UroLift for BPH and other new horizons for treatment of benign prostatic enlargement

Mrs Maya Harris

By Maya Harris, consultant urologist BPC

Traditionally, only TURP with its significant side-effects was available for men who suffer from symptoms caused by benign prostatic hyperplasia (BPH).  GreenLight Laser prostatectomy, introduced by the Birmingham Prostate Clinic in 2007, was the first minimally-invasive option for BPH.  Recently, more procedures have appeared on horizon.

I am a urologist with a special interest in BPH and recently attended the American Urological Association in Boston, Massachusetts, where the new procedures were showcased.  In this article, I would like to discuss their reported advantages and outcomes and compare them with audits of my own work.

The Urolift procedure is a minimally-invasive treatment using the insertion of small implants which retract and open the passage to urine in order to relieve the bladder blockage.  Typically, no overnight hospital-stay or catheter insertion postoperatively is required and recovery is quick.

Rezūm System is another newcomer to the scene of BPH surgery, invented and developed by a Swedish surgeon.  It uses injection of sterile water vapor to destroy prostate tissue.  Over the time of approximately three months, the body healing response removes the dead cells and shrinks prostate, opening the passage to the flow.  Data up to two years showed durable improvement of the flow and symptoms with this quick and minimally-invasive procedure without side-effect of erectile dysfunction.  However, postoperatively it required a catheter for up to one week.  In my opinion, this procedure would be a good option for patients already catheterised or medically unfit for other procedures.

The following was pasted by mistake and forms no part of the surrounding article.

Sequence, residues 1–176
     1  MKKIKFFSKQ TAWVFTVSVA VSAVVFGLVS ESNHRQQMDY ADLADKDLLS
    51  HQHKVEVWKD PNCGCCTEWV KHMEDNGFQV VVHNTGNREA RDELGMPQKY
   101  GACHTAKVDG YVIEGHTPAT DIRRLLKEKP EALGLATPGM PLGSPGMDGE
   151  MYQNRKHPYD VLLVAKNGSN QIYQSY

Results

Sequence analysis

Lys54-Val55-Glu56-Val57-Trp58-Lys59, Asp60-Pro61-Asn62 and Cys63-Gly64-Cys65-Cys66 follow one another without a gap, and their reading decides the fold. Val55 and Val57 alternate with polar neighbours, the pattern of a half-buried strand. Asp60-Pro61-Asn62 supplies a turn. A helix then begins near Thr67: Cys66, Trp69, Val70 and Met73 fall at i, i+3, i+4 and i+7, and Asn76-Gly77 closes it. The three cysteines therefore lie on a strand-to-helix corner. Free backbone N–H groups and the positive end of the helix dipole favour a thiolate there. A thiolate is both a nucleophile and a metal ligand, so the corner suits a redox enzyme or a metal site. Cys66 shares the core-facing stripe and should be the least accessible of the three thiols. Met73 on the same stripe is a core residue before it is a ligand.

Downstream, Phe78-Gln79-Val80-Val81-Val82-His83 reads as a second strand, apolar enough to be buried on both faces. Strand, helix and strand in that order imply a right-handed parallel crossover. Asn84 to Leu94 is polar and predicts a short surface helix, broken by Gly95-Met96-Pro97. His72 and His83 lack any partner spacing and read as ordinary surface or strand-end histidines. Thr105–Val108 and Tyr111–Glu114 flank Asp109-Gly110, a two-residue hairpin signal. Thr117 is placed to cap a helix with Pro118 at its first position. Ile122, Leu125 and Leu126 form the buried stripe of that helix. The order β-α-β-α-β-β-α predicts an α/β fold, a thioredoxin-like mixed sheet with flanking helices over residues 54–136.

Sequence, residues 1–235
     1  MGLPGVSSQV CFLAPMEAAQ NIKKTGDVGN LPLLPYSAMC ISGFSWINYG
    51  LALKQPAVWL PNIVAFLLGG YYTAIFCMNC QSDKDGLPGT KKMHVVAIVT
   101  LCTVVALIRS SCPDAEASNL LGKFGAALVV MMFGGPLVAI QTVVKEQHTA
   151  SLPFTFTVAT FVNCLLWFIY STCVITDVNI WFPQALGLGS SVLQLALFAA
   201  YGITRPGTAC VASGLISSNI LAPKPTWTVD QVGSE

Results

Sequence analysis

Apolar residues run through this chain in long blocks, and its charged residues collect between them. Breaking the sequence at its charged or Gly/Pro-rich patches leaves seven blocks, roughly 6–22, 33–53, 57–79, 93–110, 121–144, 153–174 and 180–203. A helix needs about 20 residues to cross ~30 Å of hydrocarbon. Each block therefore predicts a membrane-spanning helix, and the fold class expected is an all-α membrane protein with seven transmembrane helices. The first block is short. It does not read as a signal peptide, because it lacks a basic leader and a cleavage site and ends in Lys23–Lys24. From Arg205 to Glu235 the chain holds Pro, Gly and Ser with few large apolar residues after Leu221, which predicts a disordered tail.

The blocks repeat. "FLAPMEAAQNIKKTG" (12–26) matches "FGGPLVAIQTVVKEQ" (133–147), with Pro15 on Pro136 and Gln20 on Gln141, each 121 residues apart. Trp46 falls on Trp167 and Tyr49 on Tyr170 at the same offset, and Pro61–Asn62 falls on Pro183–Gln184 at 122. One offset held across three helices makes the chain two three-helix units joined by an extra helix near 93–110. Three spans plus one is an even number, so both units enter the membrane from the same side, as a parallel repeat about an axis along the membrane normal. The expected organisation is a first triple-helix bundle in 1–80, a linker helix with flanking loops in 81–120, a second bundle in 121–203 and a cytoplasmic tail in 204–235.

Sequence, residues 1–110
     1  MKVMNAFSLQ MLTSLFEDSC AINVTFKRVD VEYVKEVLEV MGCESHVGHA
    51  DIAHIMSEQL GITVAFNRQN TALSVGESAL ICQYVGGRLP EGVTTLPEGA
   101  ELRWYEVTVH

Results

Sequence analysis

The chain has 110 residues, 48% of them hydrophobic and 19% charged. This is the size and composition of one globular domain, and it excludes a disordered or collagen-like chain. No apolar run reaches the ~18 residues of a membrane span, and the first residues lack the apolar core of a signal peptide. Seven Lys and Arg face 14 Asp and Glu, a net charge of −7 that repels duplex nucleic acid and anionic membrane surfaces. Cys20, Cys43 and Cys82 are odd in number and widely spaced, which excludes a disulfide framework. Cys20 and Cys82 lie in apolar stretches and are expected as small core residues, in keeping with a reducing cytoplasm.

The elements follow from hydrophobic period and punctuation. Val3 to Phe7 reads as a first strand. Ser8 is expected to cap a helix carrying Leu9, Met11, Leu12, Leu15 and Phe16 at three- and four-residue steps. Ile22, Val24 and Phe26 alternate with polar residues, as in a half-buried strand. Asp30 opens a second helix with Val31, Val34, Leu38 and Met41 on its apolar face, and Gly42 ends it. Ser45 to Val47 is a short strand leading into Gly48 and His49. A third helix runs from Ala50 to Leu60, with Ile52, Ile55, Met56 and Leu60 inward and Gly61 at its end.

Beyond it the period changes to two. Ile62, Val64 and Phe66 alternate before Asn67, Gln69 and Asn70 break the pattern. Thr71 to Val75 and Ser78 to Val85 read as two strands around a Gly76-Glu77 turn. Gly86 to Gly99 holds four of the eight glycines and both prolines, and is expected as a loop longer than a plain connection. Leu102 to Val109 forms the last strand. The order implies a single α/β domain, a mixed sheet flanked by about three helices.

Aquablation is removal of the prostate by a high velocity saline jet.  The procedure duration and side-effects are independent of size of the prostate, as it is robotically-driven after planning by the operator.  It also aims not to use any heat, such as diathermy, and postoperative bleeding is stopped by insertion of a large catheter and bladder washout (irrigation).  The results presented showed non-inferiority compared to TURP with less dysuria and irritative symptoms as no heat was used.  Aquablation will be an attractive option for prostates larger than 100 grams in the future when the technique is fully-developed and adopted.

In conclusion, I was impressed by the developments in the new procedures for BPH.  As a urologist, I am excited about being able to treat BPH with procedures which result in quick recovery and do not affect sexual function, as well as tailored to the presenting complaint and patient’s preference.